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Posted on on June 11th, 2010
by Pincas Jawetz (

from Jeffrey Laurenti <>
date Fri, Jun 11, 2010 at 3:25 PM
subject Century Foundation: Obama’s Russia investment recouped in canceled missiles

Investment Recouped in Canceled Missiles

by Jeffrey Laurenti

President Obama’s conservative critics have carped about his Russia “reset,” his moves toward nuclear build-down, his hesitant opening to Iran, and the supposedly insipid sanctions he squeezed out of the Security Council on Iran’s nuclear program this week.  They sneered at his Nobel Peace Prize last fall, saying it was an award for rhetoric since he had produced no results.

Where, they have demanded, is the beef?

Today there is a very big beef delivery from the Moscow policy stockyards, one that will feed speculation in policy circles from Washington to Tehran.  The Russians have canceled the long-planned sale of S-300 missiles to Iran.

U.N. Security Council Resolution 1929, adopted June 9th, bans the sale of heavy weapons systems to Iran, including “missiles and missile systems.”  While the S-300 missile sale to Iran was a cash cow for Russia’s hard-pressed military industries, President Dmitri Medvedev agreed these sanctions had to bite in order to prompt Iranian officials to recalibrate their nuclear posture.

Despite Iranian president Mahmoud Ahmadinejad’s public bravado, the canceled missiles are not flies he can casually swat away.  Iran has very much wanted a modernized missile defense system to protect its nuclear facilities against possible attack.  It now knows it cannot get them till those nuclear facilities are under strict international supervision and its enrichment of nuclear fuel is checked.

The suspended sale will not immediately change Iran’s nuclear policy.  But it underscores that Iran’s self-isolation on the issue carries costs that are not trivial.  As Tehran begins to absorb this new reality, the United States should seek direct talks with the Iranians on both the nuclear file and the broader range of American-Iranian relations.  The sanctions, of course, are not an end in themselves, but a wake-up call to invigorate the politics of diplomacy.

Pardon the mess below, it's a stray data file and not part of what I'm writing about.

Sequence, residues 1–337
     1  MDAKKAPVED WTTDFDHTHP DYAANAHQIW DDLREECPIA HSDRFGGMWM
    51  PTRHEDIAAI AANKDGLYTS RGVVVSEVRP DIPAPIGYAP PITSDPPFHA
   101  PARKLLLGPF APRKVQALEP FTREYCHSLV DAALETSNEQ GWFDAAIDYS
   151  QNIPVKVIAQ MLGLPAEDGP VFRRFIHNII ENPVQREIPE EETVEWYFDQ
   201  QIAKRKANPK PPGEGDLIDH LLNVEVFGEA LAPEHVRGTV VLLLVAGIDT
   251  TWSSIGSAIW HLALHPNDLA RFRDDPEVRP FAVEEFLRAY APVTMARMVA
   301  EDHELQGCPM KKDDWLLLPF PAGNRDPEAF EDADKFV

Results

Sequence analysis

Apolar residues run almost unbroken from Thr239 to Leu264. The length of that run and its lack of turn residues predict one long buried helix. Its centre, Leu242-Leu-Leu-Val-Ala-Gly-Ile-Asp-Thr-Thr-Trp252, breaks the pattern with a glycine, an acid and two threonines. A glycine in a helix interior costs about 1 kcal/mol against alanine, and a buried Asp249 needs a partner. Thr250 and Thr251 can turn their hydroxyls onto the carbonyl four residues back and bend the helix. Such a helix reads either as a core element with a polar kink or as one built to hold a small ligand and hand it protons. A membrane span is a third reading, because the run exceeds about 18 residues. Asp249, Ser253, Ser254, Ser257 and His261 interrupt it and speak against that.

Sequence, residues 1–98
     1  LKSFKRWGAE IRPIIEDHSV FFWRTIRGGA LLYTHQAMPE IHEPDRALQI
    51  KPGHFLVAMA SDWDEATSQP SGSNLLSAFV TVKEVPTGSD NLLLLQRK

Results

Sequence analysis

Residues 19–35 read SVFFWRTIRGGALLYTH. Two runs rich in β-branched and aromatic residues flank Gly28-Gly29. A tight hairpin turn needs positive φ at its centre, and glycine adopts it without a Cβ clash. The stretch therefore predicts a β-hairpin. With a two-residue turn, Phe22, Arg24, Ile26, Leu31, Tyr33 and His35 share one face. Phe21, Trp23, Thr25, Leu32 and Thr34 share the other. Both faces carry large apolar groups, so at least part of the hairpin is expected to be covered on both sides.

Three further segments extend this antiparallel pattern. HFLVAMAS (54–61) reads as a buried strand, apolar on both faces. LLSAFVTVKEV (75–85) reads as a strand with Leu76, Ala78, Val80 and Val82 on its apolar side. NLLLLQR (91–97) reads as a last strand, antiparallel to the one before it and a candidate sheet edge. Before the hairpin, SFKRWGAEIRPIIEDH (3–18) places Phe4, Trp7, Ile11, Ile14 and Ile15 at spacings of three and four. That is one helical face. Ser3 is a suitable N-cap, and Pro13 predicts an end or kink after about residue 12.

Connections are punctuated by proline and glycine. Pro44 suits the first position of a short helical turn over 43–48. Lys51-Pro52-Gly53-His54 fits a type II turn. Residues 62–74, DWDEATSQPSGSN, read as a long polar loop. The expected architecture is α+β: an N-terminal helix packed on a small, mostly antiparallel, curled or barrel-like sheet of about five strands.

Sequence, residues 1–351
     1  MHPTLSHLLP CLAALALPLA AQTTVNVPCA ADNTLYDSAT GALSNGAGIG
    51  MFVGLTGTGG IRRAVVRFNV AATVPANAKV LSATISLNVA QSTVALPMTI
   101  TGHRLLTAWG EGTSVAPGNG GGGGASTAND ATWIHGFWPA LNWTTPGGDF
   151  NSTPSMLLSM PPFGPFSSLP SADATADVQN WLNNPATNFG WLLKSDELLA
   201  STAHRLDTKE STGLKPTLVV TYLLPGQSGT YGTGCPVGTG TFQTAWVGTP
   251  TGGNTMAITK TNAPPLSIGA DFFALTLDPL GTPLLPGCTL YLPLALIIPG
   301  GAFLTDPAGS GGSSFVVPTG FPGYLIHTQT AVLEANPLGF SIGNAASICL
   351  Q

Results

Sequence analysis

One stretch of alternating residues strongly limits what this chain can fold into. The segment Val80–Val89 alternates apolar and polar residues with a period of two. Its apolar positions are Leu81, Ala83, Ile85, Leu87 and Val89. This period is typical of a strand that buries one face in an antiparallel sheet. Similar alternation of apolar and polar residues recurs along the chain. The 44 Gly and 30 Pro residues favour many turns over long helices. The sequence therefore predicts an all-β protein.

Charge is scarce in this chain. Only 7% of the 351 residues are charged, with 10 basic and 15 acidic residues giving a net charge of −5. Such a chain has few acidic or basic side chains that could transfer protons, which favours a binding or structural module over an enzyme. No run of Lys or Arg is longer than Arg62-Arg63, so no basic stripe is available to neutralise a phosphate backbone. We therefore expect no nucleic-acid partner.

Medvedev’s collaboration on fencing in Iran’s nuclear program could only happen because Barack Obama’s far-reaching transformation of U.S. foreign policy has cleared away the toxins that years of aggressive unilateralism had built up in America’s international relations.

The symmetry between the suspended missile sale and Obama’s cancellation of the Bush administration’s ill-conceived antimissile system in Poland is not coincidental.

Obama’s patient investment in rebuilding the bilateral relationship with Russia, his administration’s scrupulous respect for international obligations and rejection of double standards, and the president’s embrace of nuclear weapons phaseout have all been crucial to this telling step in reducing nuclear dangers.

The beef is real.  Well done.


Jeffrey Laurenti
Senior Fellow anD
Director, Foreign Policy Programs
The Century Foundation

41 East 70th StreeT
New York, New York  10021   USA
Tel.:  +1  (212) 535-4441 ext. 339

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